After hearing my students struggle with the difficult pronunciation of English “-ed” words (listen to the three different ending sounds of “cleanED,” “askED” and “acceptED” and you’ll know what I mean), the linguist in me decided to do an abridged version of my quarter-long university phonetics course. Below is the hyper-abridged version, and then I’ll make my point:
“Voiced” means that your vocal chords vibrate in order to make the sound, and “voiceless” means they don’t. (Touch your throat and do a ‘z’ sound to see.) Notice that your tongue and lips are in the exact same position to make the “p” and “b” sounds—the only difference is the vibration. Same goes for all the pairs in the two columns.
- If a word ends in a voiced sound, the -ed sounds like “d”
Cleaned=ending sound voiced “n”=CleanD
Bathed=ending sound voiced “th”=BathD
- If a word ends in a voiceless sound, the -ed sounds like “t”
Clapped=ending sound voiceless “p”=ClappT
Liked=ending sound voiceless “k”=LikT
- If a word ends in a vowel or a Y, the -ed sounds like “d”
Agreed=ending sound “e”=AgreeD
Cried=ending sound “i”=CrieD
- If a word ends in a “t” or “d,” the -ed sounds like “id”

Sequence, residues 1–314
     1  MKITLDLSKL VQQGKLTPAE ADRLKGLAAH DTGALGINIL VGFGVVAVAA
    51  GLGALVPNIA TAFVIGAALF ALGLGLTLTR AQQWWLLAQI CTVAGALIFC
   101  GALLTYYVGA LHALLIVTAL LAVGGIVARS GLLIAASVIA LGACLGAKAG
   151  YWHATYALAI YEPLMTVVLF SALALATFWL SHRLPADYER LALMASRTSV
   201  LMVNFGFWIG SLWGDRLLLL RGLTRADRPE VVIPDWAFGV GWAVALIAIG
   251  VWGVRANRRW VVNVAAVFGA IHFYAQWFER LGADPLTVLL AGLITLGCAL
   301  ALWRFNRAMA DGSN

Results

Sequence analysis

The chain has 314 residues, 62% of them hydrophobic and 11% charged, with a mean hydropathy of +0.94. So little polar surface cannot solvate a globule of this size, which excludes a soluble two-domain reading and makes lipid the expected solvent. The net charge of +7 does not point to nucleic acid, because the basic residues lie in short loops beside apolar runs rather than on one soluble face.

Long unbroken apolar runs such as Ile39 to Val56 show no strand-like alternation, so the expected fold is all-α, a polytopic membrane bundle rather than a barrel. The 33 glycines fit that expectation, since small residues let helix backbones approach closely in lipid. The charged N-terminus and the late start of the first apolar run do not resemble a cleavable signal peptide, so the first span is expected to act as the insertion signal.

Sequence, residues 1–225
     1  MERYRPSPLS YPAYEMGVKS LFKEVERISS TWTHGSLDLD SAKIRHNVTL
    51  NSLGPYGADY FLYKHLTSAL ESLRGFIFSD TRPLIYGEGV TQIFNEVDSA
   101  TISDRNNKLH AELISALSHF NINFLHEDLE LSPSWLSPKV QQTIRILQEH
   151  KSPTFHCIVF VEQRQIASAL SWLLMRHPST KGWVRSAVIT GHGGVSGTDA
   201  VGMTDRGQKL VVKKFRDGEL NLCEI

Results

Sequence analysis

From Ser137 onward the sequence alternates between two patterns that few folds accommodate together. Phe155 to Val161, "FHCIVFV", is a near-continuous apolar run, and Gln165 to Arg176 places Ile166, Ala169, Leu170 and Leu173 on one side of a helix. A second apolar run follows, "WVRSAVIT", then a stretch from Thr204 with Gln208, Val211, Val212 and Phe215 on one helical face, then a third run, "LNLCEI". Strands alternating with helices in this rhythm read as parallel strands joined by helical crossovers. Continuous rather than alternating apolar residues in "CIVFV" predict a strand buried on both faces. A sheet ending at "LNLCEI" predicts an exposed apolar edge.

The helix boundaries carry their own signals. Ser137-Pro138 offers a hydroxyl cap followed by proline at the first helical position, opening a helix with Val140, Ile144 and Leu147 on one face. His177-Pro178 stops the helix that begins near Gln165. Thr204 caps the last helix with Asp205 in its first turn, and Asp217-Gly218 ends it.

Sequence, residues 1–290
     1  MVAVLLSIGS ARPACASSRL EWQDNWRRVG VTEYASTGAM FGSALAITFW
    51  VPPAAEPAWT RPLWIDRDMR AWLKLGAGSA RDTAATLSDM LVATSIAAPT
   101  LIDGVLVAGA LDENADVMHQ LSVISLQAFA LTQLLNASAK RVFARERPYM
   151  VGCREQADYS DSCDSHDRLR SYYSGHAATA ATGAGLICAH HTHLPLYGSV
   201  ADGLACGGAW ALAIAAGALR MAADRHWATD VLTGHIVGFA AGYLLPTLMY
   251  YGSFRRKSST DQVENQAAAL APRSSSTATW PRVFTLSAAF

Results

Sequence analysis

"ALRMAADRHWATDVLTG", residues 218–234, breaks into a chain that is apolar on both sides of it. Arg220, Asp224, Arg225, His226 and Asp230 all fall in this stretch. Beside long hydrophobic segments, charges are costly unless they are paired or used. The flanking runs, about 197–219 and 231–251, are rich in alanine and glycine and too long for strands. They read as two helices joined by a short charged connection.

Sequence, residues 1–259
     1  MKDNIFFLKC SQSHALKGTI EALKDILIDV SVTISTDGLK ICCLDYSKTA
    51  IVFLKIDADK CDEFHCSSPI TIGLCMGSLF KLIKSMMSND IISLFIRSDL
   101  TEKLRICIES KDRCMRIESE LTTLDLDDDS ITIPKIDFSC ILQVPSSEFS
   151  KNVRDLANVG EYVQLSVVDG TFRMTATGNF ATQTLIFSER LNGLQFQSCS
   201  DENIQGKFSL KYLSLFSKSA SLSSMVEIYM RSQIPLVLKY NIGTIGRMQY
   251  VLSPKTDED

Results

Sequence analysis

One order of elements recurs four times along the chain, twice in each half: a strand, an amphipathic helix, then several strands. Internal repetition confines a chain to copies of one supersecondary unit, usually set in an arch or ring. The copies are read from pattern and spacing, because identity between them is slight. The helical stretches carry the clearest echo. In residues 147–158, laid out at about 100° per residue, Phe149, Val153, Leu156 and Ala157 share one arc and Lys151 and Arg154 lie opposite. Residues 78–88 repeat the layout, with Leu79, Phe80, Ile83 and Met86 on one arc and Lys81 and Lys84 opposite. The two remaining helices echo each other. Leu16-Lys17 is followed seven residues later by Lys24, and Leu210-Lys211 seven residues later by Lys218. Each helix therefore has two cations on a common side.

Aided=ending sound “d”=AidID
Accepted=ending sound “t”=AcceptID
Still with me?? Congratulations, you have a greater attention span than 50% of my middle-schoolers.
After explaining all the rules and demanding that they share my same interest in linguistics (“Isn’t this fascinating?” I kept asking as they nodded off) we played a game to jazz things up. All the students stood in a line, and I put a word on the screen that every student attempted to pronounce correctly. We went down the line and whoever had the best pronunciation got a point.
It started off fine. I threw some easy ones out—
Then of course, they started to over think it. Does a voiced sound take a “t” or “d” ending? But if it’s spelled “-ed,” doesn’t that mean it’s pronounced “-ed?” or was it “et?” or “it?” (Maybe if ANY STUDENT HERE TOOK NOTES . . . but that’s a frustration for another post.) The lesson began to unwind, the rules jumbled, and in this inopportune time I tossed out the verb “begged.” Big mistake. The first student confused not only the ending pronunciation but the pronunciation of “beg” as well (she made it “big”), and the rest followed suit so as not to be the stand-alones who pronounced it differently. So one by one, down the line, I tried not to take it personally as they recited off to me:
“Bigot. Bigot. Bigot. Bigot. Bigot. Bigot. Bigot. Bigot. Bigot. Bigot.”
This is why pronunciation matters, people. Begged and bigot mean two very different things, and I hadn’t been called the latter even once in my life until Zorroza students said it 20 times consecutively, and unabashedly, to my face. Still nursing the wound.
We’re all familiar with the “Bitch/Beach” pronunciation. . . . any other great ones you’ve heard? I’d love to hear, in the comments below!